How Yoga Helps Mind, Body and Spirit

If you're like most therapy clients, you're likely experiencing two common problems. The first is a sense of being stuck in a mind that replays reruns of worries or past mistakes. The second is trouble dealing with emotions. Yoga offers an answer.

I’m not talking about pretzel yoga, in which beautiful and hyperflexible women balance on beaches in nearly impossible poses.  Research shows that yoga that pairs gentle movement with attention to breathing may help people dealing with a variety of common problems, including depression, post-traumatic stress disorder, sleep problems, and anxiety.

Yoga is in essence a mindfulness practice. It teaches you how to pay attention to sensations in the body, often leading to a sense of calmness, focus and unity of mind and body. To practice moving in rhythm with the breath, it requires attention that takes you out of your mind and its worries.

At its best, yoga offers a sense of knowing who you really are in connection with a larger spirituality. One meaning of the word “yoga” is union of the individual self with the transcendental divine Self.

Research on Yoga is Promising for Emotional Well-Being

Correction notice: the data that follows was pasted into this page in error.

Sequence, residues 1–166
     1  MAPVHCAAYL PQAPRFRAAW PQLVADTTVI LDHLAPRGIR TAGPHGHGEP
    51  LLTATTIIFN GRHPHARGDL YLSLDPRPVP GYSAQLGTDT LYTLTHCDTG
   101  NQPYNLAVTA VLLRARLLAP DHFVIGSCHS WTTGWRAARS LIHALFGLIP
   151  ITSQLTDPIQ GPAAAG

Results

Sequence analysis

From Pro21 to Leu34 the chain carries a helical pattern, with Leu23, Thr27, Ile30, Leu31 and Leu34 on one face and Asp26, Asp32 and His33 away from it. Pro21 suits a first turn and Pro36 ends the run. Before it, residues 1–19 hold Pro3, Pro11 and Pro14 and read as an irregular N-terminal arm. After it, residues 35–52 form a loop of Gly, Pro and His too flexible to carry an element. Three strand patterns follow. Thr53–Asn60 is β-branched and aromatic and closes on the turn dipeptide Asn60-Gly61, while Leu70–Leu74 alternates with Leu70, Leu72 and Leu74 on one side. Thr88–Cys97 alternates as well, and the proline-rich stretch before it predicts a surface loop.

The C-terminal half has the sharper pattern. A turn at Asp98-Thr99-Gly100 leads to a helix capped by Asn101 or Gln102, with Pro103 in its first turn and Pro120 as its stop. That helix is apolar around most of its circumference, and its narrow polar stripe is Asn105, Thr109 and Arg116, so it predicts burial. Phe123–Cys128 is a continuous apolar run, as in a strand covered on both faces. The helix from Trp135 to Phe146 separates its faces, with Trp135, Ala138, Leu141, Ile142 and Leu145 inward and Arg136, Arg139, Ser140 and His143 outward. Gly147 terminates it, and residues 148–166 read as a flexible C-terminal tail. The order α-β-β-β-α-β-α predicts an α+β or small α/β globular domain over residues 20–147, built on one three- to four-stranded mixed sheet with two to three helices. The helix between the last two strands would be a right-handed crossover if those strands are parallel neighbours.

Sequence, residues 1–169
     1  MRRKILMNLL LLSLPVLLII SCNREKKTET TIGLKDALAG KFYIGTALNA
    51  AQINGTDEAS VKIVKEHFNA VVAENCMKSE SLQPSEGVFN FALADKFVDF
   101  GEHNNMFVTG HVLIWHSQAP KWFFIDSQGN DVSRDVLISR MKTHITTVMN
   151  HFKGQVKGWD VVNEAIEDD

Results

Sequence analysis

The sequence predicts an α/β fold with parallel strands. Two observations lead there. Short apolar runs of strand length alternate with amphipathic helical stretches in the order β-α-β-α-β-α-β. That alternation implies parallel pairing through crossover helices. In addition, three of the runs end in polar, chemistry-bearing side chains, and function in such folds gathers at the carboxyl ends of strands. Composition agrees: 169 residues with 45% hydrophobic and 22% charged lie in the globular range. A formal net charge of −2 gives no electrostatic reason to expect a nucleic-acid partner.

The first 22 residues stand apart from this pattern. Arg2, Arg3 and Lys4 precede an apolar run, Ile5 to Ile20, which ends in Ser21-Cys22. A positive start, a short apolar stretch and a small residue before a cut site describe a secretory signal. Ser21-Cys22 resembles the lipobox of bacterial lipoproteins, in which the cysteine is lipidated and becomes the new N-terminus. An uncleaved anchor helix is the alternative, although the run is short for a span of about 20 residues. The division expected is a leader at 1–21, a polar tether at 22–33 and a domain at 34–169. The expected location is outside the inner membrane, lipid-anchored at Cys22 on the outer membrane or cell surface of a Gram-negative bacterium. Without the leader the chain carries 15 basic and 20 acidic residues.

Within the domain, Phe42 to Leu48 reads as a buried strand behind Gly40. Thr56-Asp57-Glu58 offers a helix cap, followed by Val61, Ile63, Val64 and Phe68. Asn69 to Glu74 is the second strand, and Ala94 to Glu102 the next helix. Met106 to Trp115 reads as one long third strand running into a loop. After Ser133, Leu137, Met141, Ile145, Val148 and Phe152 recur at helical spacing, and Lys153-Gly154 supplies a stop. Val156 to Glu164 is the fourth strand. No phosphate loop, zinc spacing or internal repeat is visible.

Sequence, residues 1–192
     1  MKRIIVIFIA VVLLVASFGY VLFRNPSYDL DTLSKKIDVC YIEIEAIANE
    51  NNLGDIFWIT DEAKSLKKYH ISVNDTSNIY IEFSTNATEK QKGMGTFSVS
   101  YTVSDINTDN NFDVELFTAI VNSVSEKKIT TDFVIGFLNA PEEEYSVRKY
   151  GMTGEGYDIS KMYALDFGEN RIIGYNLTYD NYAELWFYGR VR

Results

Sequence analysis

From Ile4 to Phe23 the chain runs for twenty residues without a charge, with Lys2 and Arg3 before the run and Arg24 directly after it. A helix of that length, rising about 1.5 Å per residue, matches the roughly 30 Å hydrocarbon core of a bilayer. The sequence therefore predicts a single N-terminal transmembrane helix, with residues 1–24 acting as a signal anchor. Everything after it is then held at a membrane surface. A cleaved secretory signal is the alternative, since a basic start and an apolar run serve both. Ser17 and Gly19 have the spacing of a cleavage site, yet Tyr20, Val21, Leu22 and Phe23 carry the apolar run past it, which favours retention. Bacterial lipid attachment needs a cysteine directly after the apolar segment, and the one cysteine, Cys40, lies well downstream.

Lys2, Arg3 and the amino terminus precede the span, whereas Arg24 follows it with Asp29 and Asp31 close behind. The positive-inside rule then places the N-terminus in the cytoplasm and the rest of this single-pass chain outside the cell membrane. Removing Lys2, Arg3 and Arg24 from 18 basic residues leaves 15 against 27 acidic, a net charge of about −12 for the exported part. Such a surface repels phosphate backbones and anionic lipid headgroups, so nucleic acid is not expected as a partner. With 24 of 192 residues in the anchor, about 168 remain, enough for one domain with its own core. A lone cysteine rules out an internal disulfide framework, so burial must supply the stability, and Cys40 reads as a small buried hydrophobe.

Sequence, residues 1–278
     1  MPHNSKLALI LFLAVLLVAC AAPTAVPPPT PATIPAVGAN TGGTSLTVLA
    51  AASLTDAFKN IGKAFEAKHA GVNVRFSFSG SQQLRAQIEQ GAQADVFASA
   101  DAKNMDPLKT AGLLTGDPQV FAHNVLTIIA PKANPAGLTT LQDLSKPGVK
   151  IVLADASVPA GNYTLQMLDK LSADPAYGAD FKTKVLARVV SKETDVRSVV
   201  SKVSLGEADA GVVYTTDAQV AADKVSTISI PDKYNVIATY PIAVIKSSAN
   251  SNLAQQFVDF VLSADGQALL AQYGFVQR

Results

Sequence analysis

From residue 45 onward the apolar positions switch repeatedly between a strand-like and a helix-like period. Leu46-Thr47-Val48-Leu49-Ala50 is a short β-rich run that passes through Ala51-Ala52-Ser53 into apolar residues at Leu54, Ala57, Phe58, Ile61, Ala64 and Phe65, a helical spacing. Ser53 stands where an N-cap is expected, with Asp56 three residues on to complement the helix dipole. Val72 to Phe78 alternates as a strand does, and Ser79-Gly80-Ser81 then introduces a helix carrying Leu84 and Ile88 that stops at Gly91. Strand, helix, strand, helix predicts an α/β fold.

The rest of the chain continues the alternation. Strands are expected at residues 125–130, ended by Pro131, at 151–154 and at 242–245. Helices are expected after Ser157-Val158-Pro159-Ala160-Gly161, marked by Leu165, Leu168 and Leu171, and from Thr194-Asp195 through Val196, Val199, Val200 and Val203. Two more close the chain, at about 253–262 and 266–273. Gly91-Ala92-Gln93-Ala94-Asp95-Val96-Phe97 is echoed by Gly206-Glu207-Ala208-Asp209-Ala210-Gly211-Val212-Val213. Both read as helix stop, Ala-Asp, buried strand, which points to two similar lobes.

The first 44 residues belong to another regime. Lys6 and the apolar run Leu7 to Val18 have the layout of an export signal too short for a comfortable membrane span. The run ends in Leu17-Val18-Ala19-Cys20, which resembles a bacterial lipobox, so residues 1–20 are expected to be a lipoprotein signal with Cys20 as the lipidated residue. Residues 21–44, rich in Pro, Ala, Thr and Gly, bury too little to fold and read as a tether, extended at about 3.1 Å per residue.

In the last 10 years, the mental health field has showed new interest in yoga as a treatment for a variety of common psychiatric problems. The evidence for yoga as a treatment for mental health is best for depression. A 2018 review of 15 randomized controlled trials showed meditative movement had "a significant benefit … on depression severity.” Yoga was the most frequently used of the meditative movement interventions.

Research also is encouraging for yoga for anxiety. A 2016 meta-analysis of 17 studies found that “hatha yoga is a promising method for treating anxiety.” People with the highest levels of anxiety benefited the most from yoga practice. (Hatha yoga is an umbrella term for many styles of yoga. It involves basic postures and breathing practices intended to calm the mind, body and spirit in readiness for meditation.)

Goddess pose embodies strength
Goddess pose embodies strength and helps to energize the body. Photo courtesy of You Call This Yoga.

Research in the past several years also shows that yoga is a “promising” treatment for trauma. For people with trauma, the experience of violence or abuse results in a chronic sense of fear and other intolerable feelings.

Trauma survivors often try to numb their feelings through various strategies. Unfortunately, many of these strategies are self-destructive (including alcohol and drug abuse, overeating, reckless sexual behavior, overworking, etc.)  Survivors feel unsafe in their bodies and have a nervous system that is chronically on alert for danger.